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7 Simple Ways To Rehearse Your Acceptance Speech-poper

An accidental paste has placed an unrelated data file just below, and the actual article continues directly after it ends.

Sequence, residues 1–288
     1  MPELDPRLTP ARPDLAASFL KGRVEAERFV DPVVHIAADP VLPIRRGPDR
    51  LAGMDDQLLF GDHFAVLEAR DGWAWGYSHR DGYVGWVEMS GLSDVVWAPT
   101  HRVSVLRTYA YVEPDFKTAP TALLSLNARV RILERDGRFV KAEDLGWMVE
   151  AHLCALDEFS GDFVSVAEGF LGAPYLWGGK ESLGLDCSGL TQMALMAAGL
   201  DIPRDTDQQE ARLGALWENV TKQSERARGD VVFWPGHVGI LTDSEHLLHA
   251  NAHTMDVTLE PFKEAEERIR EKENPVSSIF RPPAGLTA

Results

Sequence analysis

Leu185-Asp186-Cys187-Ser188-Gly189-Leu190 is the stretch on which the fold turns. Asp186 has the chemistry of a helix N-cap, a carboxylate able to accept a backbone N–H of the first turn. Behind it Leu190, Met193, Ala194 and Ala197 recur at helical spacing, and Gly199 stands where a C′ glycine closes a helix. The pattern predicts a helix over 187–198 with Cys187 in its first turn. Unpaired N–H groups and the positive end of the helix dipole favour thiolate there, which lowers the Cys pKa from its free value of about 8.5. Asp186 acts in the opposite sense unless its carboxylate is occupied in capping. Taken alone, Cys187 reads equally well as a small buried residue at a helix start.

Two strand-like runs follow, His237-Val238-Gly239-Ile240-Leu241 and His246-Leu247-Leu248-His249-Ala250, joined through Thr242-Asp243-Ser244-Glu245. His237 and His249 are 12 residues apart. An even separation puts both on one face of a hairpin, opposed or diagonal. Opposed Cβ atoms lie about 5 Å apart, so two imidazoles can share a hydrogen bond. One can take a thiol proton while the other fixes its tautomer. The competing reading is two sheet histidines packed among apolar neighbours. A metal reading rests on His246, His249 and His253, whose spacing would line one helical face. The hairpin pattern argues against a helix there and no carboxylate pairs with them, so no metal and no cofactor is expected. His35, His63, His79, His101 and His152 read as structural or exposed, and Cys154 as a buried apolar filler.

You’ve written a great acceptance speech. The audience is going to love it. You’re ready to knock it out of the park. Or are you? The biggest and perhaps most avoidable mistake people make giving a thank-you speech happens before they even get to the banquet hall. They don’t practice properly. They think that once they’ve written out their speech, all they have to do is go over it in their head a couple of times. While that is a good start, if you really want to deliver a fantastic thank-you speech that people will respond to and remember, you need to put in adequate practice time. Think about an actor in a stage play. They spend hours upon hours practicing and rehearsing to get their part just right. They can’t wing it and expect to be well received. The good news for you is that a great thank-you speech doesn’t require a ton of practice, but it does require some practice. Here are seven easy ways to rehearse a great acceptance speech: 1. Do it out loud. Practicing your speech in your head as you read through it might help you remember key parts better, but if you really want to rehearse in a meaningful way, you have to practice out loud. Pay special attention to your opening because the audience will place a lot of weight and importance to the first few sentences out of your mouth. Psychologists call this Primacy Effect and you want to make a great impression on your listeners from word one. Say it out loud in the shower, on your .mute to work, while you’re working out. The more the better. 2. Forget the mirror. Unless you’re incredibly good looking, please don’t practice your speech in front of a mirror. First, it incorrectly puts the focus on you instead of your audience. Plus, it doesn’t simulate the actual speaking experience. You need to get .fortable with a lot of space in front of you. 3. Tape yourself. Preferably on video, but audio is good, too. If you want to see how you .e across during the speech, put yourself in the shoes of the audience and ask yourself these questions. Do I seem genuinely happy to receive this award? Am I smiling? Am I staring at my notes? Am I delivering parts of my speech to all corners of the room? Am I standing confidently or am I fidgeting? 4. Case the joint. Go to the venue ahead of time and practice your speech from the stage or podium where you’ll be standing. Picture the audience in front of you. Visualize yourself knocking it out of the park. This is a short speech and it’s one of your best opportunities to give the speech of your life. If you can’t visit the site of the awards ceremony prior to the event, then be sure to arrive very early to do a dress rehearsal before everyone else arrives. 5. Get feedback. Try to practice in front of someone who knows you well and get honest feedback from him or her. There are two ways to get good feedback from someone who isn’t a speech coach. One way is to ask for "2 & 2" in which you invite the person to give you two things they liked about your speech and two things you could change to make it better. The other way is assign them specific things to focus on like: eye contact, gestures (or lack thereof), a balanced stance, proper volume, voice inflection, speed, and lastly any distracting habits. Then, they can give you directional feedback that you can actually use to make your speech better. 6. Talk to Sparky. If you can’t practice in front of another person or you choose not to, enlist the help of your favorite pet. Oftentimes you will find that dogs, cats, and even fish can be very forgiving when it .es to speeches. But at least you re-create the feeling of speaking in front of a live audience. 7. Picture success. For years researchers have documented the benefits of visualization. To visualize success, spend a few minutes picturing yourself giving a dynamite speech. Imagine the audience listening intently on the edge of their seats and see yourself doing everything right. First, think it in your mind, then do it in real life. Remember, people are rarely good at something the first time they try it. If it’s worth doing well, it’s worth practicing well. You will be better for it. Your audience will notice. And best of all, you and your audience will remember your talk fondly for a long, long time. 相关的主题文章: